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Meet a CQTian: Debashis De Munshi

5 July 2013

Debashis de Munshi, Centre for Quantum Technologies, Singapore.

Debashis joined CQT as a PhD student in 2012. He had shown early signs of being a scientist. As a kid, he says, he did things like "mix up medicines that I'd apply to plants and try to build a model ram-jet engine."
Who are you and where are you from?

I'm Debashis De Munshi from Calcutta in West Bengal, India — the same place where Satyendra Nath Bose, who gave his name to 'boson' particles, did his work on quantum mechanics. I'm 27.

How did you end up at CQT?

I was working with Manas Mukherjee in Calcutta. When he shifted here to become a PI, I moved too. It wasn't a big decision, though one thing I did before moving was get married.

What is your research about?

In classical mechanics, if a ball goes around a circle and comes back, it's still just the same ball, but in quantum mechanics if a ball goes around and comes back, it's a ball and something else. This something else is termed geometric phase. My goal is studying the behaviour of this geometric phase. There are lots of proposals for using geometric phase for quantum computation. I come at it more with the interest of seeing something that is abstract manifest itself in real life.

Being an experimentalist, you are very grounded in real life...

Yes, most days I'm soldering wires, making circuits, tightening blots, aligning lasers and so on. Individually the things are really basic but when they're all combined, they can give rise to something that is very beautiful. We just have to keep reminding ourselves of our goals. We've been setting up our experiment since we arrived at CQT in February 2012. Hopefully we'll have the basic system running by the middle of 2013.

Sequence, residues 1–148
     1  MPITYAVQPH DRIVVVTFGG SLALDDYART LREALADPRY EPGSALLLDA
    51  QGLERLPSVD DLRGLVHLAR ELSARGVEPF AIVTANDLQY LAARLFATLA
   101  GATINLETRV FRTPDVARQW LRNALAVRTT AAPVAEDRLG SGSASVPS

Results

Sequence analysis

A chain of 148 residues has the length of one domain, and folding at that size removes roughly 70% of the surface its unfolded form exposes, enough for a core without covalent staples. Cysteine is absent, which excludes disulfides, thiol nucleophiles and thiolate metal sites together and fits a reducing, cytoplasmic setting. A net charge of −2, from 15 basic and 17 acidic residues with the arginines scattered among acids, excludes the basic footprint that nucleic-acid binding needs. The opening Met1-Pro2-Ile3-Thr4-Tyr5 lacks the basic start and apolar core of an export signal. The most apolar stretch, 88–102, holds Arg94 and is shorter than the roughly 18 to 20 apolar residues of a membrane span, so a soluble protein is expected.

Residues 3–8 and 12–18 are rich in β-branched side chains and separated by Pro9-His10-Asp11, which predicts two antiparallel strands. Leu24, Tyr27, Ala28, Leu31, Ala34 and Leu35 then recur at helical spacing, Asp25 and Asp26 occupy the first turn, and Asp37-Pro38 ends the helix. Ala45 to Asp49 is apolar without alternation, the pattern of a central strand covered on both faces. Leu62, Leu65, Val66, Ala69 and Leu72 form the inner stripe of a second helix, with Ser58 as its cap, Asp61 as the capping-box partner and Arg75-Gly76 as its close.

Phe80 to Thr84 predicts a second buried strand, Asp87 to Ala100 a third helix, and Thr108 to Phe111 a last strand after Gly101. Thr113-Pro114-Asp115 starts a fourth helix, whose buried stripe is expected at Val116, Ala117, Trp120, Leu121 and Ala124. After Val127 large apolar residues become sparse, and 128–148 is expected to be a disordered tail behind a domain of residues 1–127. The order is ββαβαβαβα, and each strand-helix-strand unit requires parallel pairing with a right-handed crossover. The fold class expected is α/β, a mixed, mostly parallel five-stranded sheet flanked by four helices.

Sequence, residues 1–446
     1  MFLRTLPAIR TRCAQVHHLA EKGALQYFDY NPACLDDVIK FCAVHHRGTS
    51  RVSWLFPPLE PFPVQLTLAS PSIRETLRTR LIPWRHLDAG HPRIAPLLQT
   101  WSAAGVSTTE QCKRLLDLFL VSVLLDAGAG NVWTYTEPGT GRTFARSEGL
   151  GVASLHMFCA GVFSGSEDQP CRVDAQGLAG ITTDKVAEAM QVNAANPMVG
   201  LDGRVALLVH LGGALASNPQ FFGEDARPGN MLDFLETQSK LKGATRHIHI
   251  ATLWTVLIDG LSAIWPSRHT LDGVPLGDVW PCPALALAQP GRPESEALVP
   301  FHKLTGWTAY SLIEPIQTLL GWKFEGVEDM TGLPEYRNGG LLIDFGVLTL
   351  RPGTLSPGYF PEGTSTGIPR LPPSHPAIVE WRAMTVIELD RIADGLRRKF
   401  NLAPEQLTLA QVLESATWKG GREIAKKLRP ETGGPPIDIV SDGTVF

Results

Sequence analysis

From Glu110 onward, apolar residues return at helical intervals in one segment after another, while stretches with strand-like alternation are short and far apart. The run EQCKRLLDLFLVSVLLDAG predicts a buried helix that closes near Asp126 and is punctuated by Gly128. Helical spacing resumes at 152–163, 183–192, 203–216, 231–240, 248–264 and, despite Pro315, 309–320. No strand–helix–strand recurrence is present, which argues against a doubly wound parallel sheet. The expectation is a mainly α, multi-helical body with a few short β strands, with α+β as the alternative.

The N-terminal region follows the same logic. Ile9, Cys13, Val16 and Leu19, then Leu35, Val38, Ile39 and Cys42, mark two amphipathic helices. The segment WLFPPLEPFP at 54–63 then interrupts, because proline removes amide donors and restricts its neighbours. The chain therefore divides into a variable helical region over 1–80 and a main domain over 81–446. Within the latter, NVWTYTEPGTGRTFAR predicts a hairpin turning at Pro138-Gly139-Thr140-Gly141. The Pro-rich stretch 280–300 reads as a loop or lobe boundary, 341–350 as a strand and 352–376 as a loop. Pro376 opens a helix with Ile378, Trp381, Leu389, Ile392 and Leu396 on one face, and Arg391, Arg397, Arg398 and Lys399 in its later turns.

What do you enjoy about being a scientist?

When I was a kid, I had a small lab where I did things like mix up medicines that I'd apply to plants and try to build a model ram-jet engine. I was always very curious about things, and that is what has led me here. So now research is kind of a part of my life: doing research no longer feels like doing a job, rather when I go home I feel like I'm doing a job.

What about life outside the lab?

I have a huge range of interests — in other branches of science, in politics, in economics. I also swim, play piano and have my family. One of the surprising things I've found out since marriage is that having a personal life has helped me at work: the total time of work has reduced, but the efficiency has improved. When I go home in the evening I know I have a nice person to talk to, and when I come in the morning I'm fresh.

Have you done any interesting travel from Singapore?

Last year I went to Dunhuang in China, in the middle of the desert. I was a presenting a poster at a conference about quantum stuff. There I was kind of forced to learn to eat with chopsticks. Thank goodness I'd tried a couple of times before that in Singapore because in Dunhuang there was no other option.

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